Some handy scripts and graphs for archaeoastronomy

If you are looking at an archaeological site that you believe was a comprehensive ancient sky observatory, it may be possible to date the site from its alignments to celestial phenomenon.  Note that you need a site with several likely sun/moon/star alignments to do this. On this page I provide some handy R and python scripts to calculate the rise/set azimuth (assuming a flat horizon) of the Sun, Moon, and stars for a given location at a given date.

For a given latitude, the rise and set azimuths of the sun and moon change slowly over time due to effects of axial precession and nutation that change the inclination angle of the Earth’s rotational axis with respect to the ecliptic (known as the ‘obliquity’).  Laskar (1986) developed a formula that provides a good approximation for the obliquity going back many thousands of years:

In the R script sun_moon.R I use the Laskar formula to calculate the rise and set azimuths (the azimuth is the degrees from north on the horizon that the celestial body rises or sets at) of the sun summer and winter solstices, and the major and minor moon northern and southern standstills.  The calculation is done for years going from 5000 BC to present in steps of 1000 years, and is done for latitudes from 20 to 55 degrees north in steps of 5 degrees (20 degrees North is the approximate latitude of Mayan and Aztec monuments, and 55 degrees north is the approximate latitude of northern UK stone circles like Long Meg and her Daughters and Castlerigg… if you want to study monuments in the southern hemisphere, modify the script… similarly, you can modify the script if you just want to look at a specific latitude, or want finer binning in time).  The results are output to the file sun_moon_azi_by_year.out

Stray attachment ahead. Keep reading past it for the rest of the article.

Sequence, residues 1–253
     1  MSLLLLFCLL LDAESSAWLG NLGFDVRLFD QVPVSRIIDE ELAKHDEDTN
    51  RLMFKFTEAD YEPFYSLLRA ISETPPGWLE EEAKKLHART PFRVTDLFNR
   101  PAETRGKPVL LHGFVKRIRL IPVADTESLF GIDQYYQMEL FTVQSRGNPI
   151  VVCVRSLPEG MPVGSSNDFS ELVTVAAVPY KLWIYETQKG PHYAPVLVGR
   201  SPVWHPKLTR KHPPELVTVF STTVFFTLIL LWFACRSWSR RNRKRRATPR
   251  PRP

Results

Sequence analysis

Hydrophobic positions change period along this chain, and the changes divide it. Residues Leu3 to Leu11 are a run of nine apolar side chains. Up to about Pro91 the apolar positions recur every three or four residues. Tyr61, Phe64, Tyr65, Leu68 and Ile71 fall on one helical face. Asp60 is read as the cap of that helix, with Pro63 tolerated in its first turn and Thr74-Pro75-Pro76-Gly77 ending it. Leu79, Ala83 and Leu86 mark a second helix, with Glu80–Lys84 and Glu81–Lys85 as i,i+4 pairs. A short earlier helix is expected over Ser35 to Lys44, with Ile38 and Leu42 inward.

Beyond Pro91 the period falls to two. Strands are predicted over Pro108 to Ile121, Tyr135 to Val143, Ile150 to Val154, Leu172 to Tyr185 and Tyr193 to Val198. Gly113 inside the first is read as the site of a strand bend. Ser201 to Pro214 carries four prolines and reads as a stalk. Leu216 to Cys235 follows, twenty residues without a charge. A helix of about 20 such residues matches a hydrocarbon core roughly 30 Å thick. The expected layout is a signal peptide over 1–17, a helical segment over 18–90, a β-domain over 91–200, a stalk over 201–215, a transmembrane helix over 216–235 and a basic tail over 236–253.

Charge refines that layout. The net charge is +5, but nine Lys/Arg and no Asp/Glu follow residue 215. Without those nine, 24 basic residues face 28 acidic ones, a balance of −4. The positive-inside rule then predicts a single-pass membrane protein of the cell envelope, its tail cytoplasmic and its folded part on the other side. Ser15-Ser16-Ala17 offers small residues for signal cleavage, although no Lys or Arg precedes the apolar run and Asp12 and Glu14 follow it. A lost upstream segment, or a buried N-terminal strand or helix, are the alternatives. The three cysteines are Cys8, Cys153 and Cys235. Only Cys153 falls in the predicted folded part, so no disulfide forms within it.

Note that the calculations assume a flat sea level horizon!  Nearly all sites don’t fit this criterion, which means that the true rise/set azimuth of celestial bodies would have to be corrected for the horizon… this can lead to corrections of several degrees in the actual azimuths.  Thus, the figures below should just be a rough guide as to what to expect.  In a later post, I’ll be talking about how to correct the calculated rise/set azimuths for the horizon profile.

The R script plot_sun_moon_azi_by_lat.R reads in the sun_moon_azi_by_year.out that you download into your local working directory (or obtain by running the sun_moon.R script), and creates the following graphs for the rise and set azimuths:sun_solstice


The major moon standstill azimuths, which is the furthest north and south that the moon ever rises at a particular latitude during the 18.6 year lunar cycle (you may be wondering… is there a “lunar arctic circle” latitude above which there is at least one day in time where the moon never sets?  Yes there is… at around 60 degrees North which (a propos of nothing) is the latitude of the Orkney Islands):major_moon

And the minor lunar standstill azimuths:minor_moon